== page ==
When boats hit manatees, the outcome is often grim. Bones are broken and skins sliced. Despite regulations designed to prevent collisions, dozens of manatees in Florida continue to be injured or killed—including a near-record 86 deaths in 2006.
Searching for better ways to protect the endangered species, a team of researchers began a quest to learn exactly how the slow-moving, bulbous-looking marine mammals behaved when boats motored past.
At first, the team used a large tethered balloon equipped with a video camera to hover above manatees and record their reactions. Half the manatees they filmed appeared unfazed by passing boats. The other half left their shallow, seagrass habitat for deeper, darker, or cloudier water. Without a way to see under water, it was frustratingly hard to determine precisely how the boats influenced manatee behavior.
“We couldn’t gauge their reactions,” said Douglas Nowacek, a biological oceanographer from Florida State University. “Were they going deep? Calling to each other? Seeking each other out? Or trying to hide?”
To find out, this summer Nowacek harkened back to his graduate student and postdoctoral days at Woods Hole Oceanographic Institution. In the late 1990s, he was part of a team of biologists and engineers who were devising a small, high-tech device called a D-tag, short for digital acoustic recording tag. It temporarily sticks to whales with suction cups, recording their movements along with the sounds they make and the sounds they hear under water.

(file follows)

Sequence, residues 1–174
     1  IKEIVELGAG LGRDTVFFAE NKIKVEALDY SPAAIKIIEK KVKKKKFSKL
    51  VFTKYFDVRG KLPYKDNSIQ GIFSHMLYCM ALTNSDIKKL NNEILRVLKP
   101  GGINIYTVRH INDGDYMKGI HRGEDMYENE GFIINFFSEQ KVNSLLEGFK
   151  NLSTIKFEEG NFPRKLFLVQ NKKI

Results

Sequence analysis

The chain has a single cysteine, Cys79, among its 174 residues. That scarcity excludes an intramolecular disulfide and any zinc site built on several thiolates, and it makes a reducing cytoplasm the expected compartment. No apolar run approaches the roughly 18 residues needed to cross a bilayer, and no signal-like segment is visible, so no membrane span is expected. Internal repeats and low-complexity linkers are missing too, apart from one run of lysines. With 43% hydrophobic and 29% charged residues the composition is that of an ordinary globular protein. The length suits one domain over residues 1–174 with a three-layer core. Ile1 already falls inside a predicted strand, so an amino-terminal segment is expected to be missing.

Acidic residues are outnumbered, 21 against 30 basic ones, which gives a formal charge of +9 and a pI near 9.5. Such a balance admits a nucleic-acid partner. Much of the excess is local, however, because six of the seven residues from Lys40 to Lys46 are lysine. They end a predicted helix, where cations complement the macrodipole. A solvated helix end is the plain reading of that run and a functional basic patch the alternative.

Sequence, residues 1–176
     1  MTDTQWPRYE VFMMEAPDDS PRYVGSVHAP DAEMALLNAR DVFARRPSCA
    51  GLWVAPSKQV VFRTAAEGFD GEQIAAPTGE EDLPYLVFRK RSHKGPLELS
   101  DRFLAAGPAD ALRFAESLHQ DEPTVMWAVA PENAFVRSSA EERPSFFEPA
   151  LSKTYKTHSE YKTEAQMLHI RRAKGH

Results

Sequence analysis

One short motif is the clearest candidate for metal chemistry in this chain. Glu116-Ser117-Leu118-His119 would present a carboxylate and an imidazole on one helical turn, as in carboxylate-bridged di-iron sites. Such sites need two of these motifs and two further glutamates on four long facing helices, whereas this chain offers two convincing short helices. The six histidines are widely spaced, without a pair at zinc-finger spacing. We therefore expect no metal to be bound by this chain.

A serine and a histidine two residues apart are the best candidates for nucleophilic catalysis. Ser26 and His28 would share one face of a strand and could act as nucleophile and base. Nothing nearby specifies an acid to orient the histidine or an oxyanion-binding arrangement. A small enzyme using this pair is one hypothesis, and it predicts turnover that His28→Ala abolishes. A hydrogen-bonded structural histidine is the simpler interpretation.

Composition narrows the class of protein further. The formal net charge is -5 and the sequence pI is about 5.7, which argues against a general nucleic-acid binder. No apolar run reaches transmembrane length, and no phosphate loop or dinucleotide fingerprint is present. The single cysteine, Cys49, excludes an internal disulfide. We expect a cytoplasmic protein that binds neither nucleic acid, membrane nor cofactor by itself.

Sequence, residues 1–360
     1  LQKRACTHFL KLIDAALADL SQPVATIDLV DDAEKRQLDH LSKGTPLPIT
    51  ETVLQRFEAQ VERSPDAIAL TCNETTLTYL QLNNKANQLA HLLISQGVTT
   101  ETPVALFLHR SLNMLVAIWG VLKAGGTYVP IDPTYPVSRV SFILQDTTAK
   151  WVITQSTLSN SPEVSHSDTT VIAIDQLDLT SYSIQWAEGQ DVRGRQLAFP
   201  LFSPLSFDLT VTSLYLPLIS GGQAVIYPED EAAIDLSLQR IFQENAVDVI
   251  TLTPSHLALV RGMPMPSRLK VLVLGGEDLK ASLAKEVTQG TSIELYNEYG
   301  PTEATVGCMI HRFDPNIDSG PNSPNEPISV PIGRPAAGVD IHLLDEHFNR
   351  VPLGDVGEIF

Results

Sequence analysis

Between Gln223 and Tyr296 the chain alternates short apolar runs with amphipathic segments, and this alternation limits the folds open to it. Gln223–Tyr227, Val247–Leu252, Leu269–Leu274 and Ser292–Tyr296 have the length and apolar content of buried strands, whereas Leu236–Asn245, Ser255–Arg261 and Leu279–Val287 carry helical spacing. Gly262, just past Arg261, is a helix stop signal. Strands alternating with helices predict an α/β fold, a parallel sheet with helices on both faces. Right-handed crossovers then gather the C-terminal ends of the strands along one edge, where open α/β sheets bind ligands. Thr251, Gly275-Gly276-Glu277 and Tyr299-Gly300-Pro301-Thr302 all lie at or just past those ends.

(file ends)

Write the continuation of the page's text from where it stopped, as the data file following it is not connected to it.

With the right modifications, Nowacek and colleagues reasoned the tag could be used on manatees. Once the marine mammals’ behavior was better understood, boaters could be educated and adjust their own behavior on the water to cause less harm to manatees.
The ‘scar catalogue’
While a squeaky-voiced cartoon mouse may capture hearts in central Florida, manatees have charmed people along the state’s coasts. Round-headed and squinty-eyed, their bodies are up to 13 feet long and shaped like an overstuffed pillow. Despite their lumbering appearance, they are graceful swimmers—and to many, a vanishing symbol of wild Florida. Since 1966, they have been listed as endangered species. Wildlife refuges have been established for them, and tourists pay for supervised swims in their company.
Manatees’ spend quiet lives resting and eating grass near the surface, where they share space with an increasing numbers of recreational and commercial boats. Manatee biologists with the Florida Fish and Wildlife Conservation Commission estimate that at least 3,000 animals in the state occupy the same waters as approximately one million registered recreational boats and thousands of additional out-of-state boats that flock in the summer months.
“Granted, not all of these boats are in the water at the same time,” Nowacek said. “Still, it’s a lot of boat traffic when you compare it to the manatee population.”